Thursday, August 23, 2012

Sunday, August 12, 2012

Monday, August 6, 2012

introducing Linnea Hatsumi

Born Monday, August 6, 2012 at 9:31 pm. 3000 kg (6 lb, 10 oz) and 49.5 cm (almost 19.5 in).

Friday, August 3, 2012

love and the self: Susan Sontag

Favorite quote from Susan Sontag's diaries, hand-lettered by Wendy MacNaughton and posted on Brain Pickings:

Thursday, August 2, 2012

step 3

I'm trying to knit a baby cardigan, but have gotten completely stuck on step 3 ("CO 5(6:7:8:9) sts at beg of next 8 rows" = me with a comical face).

We had our 41 week checkup with the ob/gyn today, and even though the baby's head is low, my cervix is still pretty posterior, which means no one is closer to getting out (I am imagining the baby banging its tiny fists on my bladder, whispering "give us us free"). We scheduled an induction for next Thursday, with a fetal non-stress test for Monday to make sure the kiddo is tolerating things well. I could tell my ob wanted to schedule the induction a bit earlier in the week, but I am hoping with all of my being that things move along on their own before I have to jump start events in a hospital room.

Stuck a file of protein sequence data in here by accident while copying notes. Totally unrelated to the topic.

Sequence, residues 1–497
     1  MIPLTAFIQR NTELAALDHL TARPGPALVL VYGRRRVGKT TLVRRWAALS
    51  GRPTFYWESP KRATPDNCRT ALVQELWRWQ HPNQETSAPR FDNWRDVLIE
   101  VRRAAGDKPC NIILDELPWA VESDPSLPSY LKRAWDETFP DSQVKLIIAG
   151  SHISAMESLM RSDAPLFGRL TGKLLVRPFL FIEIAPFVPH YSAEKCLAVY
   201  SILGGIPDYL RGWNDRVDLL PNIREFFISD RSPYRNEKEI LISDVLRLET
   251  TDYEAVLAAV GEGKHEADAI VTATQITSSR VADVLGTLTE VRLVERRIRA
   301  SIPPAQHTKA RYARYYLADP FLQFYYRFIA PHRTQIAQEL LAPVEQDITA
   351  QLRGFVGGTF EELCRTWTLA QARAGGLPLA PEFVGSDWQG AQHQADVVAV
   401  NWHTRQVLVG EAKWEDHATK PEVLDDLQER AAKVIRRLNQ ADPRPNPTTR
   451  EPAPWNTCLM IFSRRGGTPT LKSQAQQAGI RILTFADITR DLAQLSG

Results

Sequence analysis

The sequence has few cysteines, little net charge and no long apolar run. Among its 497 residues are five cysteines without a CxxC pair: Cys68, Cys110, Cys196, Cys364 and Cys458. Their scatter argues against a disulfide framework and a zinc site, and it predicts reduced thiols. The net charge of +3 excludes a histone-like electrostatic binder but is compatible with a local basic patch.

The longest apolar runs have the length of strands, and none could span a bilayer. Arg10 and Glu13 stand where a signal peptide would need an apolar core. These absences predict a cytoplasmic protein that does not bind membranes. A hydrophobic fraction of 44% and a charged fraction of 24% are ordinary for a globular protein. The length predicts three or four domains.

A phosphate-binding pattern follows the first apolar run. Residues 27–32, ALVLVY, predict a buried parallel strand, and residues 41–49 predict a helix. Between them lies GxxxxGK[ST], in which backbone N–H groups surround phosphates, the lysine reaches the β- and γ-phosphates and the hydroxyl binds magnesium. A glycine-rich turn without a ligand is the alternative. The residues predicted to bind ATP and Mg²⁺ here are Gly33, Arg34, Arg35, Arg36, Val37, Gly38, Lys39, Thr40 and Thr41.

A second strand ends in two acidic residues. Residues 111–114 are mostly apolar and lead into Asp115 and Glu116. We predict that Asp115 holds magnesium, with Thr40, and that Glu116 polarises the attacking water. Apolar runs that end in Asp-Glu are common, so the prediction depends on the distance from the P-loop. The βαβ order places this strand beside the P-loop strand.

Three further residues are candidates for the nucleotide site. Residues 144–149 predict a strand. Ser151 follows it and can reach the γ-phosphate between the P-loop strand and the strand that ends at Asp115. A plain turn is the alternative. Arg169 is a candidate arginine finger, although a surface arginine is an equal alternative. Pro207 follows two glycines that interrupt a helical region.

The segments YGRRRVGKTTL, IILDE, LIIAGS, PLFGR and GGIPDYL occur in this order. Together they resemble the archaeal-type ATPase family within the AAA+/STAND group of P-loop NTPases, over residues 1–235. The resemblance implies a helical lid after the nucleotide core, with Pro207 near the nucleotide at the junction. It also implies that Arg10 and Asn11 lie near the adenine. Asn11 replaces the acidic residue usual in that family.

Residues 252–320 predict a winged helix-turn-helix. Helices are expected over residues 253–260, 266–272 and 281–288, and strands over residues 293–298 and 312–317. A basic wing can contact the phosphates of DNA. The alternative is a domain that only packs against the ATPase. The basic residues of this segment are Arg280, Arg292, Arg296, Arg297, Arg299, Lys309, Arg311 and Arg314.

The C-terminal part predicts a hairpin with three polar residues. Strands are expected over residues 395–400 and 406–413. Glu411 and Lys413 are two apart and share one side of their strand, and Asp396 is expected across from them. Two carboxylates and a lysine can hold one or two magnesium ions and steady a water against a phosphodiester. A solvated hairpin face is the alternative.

Up to this point, I had been making quips about the baby needing to decide when it was ready, but now it feels more like the baby has been ready for a while, and it's my body that is holding up the process. My cervix is stuck at step 3. I am also nervous that we may be waiting too long, and the best place for this kid is no longer inside my body. I feel a bit like a failure as a human being (no one ceases reminding me that my "body was made to do this" which just makes me want to kick them in the shin).